Architect Frank Gehry working on LA River redevelopment plan
Internationally renowned architect Frank Gehry is working on a master plan to redevelop the Los Angeles River in the western U.S. of California.
The designer of the steel-clad Walt Disney Concert Hall in Los Angeles and the Guggenheim Museum in Bilbao, Spain, has been working since last year on the long-running restoration project, the Los Angeles Times reported.
A plan adopted in 2007 would restore large parts of the 82-kilometer (51 miles) concrete-lined storm channel to its natural condition while linking it to parks, bike paths and other public areas as it winds from the San Fernando Valley to Long Beach.
Gehry’s work will be on design elements that were left vague in the restoration plan, said Barbara Romero, deputy mayor for city services.
However, many details aren’t being released.
That irked one activist group, Friends of the Los Angeles River, which said it can’t endorse Gehry and wants a more grass-roots approach to planning.
“Last time there was a single idea for the L.A. River it involved 3 million barrels of concrete,” the group’s leader, Lewis MacAdams, told the Times. “To us, it’s the epitome of wrong-ended planning. It’s not coming from the bottom up. It’s coming from the top down.”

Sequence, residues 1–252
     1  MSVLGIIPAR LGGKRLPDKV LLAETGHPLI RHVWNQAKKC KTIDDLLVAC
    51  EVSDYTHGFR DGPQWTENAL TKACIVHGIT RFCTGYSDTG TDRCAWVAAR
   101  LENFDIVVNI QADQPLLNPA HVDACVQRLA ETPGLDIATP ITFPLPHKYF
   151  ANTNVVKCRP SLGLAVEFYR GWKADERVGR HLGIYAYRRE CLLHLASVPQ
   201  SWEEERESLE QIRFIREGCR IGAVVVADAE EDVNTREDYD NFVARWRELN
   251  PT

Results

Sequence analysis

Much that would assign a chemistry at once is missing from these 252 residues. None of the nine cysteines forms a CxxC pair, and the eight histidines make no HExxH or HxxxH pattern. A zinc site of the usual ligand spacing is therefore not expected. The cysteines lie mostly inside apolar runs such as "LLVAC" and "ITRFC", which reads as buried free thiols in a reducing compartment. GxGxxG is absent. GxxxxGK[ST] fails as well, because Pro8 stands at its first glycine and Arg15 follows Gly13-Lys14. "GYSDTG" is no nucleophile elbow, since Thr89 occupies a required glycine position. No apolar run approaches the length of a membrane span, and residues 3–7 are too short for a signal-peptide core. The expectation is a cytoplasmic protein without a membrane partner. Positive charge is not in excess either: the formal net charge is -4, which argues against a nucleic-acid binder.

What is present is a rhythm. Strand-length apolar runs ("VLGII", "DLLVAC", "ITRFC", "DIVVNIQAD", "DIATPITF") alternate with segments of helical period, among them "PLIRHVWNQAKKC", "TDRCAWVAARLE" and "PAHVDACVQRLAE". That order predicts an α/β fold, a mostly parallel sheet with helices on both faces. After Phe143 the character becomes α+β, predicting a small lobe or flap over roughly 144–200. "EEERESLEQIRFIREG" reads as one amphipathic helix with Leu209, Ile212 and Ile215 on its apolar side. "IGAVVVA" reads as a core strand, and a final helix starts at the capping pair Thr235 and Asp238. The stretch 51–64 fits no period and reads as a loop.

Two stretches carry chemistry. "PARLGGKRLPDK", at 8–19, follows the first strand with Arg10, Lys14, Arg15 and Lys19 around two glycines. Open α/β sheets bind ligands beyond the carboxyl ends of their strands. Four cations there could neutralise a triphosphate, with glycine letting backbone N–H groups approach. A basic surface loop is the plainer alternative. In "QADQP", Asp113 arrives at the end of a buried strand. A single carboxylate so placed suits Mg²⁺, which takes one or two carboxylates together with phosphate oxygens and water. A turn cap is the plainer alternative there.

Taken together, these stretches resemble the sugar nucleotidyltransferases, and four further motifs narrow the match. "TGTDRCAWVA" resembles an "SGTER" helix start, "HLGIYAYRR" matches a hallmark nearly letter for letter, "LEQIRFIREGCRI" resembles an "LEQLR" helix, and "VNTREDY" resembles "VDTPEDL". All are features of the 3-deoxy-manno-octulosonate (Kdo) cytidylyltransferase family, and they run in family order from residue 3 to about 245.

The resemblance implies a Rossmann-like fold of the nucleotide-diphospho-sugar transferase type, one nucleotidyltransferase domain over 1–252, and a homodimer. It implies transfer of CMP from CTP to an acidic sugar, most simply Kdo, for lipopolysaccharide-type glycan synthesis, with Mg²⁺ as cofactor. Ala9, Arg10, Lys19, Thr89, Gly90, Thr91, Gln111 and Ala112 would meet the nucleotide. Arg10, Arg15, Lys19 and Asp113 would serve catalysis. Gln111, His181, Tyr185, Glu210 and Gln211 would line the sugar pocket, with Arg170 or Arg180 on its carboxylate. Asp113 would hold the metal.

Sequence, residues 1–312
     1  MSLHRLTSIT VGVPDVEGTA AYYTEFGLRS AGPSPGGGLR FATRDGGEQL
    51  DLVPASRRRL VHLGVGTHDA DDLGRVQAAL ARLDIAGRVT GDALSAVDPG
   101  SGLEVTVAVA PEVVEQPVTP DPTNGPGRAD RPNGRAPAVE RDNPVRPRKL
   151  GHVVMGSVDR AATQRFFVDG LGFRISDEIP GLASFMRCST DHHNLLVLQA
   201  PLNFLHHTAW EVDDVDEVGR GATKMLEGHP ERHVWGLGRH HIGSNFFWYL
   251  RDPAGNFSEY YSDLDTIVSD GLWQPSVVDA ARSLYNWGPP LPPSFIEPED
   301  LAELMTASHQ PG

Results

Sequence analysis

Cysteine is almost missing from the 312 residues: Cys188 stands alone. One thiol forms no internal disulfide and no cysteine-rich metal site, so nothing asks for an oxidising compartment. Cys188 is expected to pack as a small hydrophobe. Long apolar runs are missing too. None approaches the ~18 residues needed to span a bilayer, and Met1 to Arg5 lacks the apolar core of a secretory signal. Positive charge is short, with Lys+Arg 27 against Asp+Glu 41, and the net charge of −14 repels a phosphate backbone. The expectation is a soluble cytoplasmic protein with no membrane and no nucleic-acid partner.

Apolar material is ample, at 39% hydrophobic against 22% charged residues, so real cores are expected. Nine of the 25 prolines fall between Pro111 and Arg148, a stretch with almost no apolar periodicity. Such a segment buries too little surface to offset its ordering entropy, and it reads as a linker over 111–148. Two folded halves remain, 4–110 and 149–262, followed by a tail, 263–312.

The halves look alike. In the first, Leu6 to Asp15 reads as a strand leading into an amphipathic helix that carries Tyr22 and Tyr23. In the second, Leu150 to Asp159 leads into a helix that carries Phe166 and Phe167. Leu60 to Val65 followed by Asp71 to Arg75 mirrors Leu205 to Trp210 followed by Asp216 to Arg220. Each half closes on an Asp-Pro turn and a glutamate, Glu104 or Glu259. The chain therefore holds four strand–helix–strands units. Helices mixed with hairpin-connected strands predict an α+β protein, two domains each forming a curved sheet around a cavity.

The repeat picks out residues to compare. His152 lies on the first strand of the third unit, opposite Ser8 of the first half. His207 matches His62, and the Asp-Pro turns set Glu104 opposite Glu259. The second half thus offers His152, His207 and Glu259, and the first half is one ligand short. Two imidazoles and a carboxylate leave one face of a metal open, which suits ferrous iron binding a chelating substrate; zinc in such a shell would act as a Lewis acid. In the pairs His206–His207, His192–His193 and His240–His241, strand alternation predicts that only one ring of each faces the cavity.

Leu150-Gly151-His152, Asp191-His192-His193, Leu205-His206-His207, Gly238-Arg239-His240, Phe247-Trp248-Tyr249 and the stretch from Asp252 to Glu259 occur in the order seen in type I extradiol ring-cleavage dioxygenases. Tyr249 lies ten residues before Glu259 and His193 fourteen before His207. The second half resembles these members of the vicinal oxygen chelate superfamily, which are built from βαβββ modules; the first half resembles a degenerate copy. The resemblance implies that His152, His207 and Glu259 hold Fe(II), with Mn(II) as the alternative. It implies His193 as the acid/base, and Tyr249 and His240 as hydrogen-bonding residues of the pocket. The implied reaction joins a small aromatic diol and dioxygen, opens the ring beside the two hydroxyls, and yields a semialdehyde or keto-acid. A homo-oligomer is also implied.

The group also is concerned that Gehry’s input might interfere with federal funding for a US$1.35 billion plan to restore 18 kilometers of the river. That plan was endorsed last month by the U.S. Army Corps of Engineers.
Gehry’s office did not respond to requests for comment Friday, the Times said.
The L.A. River Revitalization Corp., the nonprofit organization coordinating the renewal effort, said Gehry’s work “will expand upon the decades of important work that has come before.”
“Far from complicating any other efforts, his work will complement those efforts,” the organization said in a statement.
The choice of Gehry was praised by architect Kevin Mulcahy of RAC Design Build, which opened four years ago in a warehouse in a riverside neighborhood.
“It ends a yearslong street fight over who might have the worldclass vision and world-class capital to develop a comprehensive plan for transforming the entire river into a ... public space,” he said.